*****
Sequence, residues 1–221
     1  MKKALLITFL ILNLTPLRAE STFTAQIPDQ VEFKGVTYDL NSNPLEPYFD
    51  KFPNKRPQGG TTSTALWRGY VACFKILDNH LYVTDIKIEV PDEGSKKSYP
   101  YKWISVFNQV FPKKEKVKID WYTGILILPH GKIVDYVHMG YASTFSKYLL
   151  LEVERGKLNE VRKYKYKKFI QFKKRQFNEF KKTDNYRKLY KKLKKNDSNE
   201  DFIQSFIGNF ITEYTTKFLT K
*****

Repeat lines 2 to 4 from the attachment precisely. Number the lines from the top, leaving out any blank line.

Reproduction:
     1  MKKALLITFL ILNLTPLRAE STFTAQIPDQ VEFKGVTYDL NSNPLEPYFD
    51  KFPNKRPQGG TTSTALWRGY VACFKILDNH LYVTDIKIEV PDEGSKKSYP
   101  YKWISVFNQV FPKKEKVKID WYTGILILPH GKIVDYVHMG YASTFSKYLL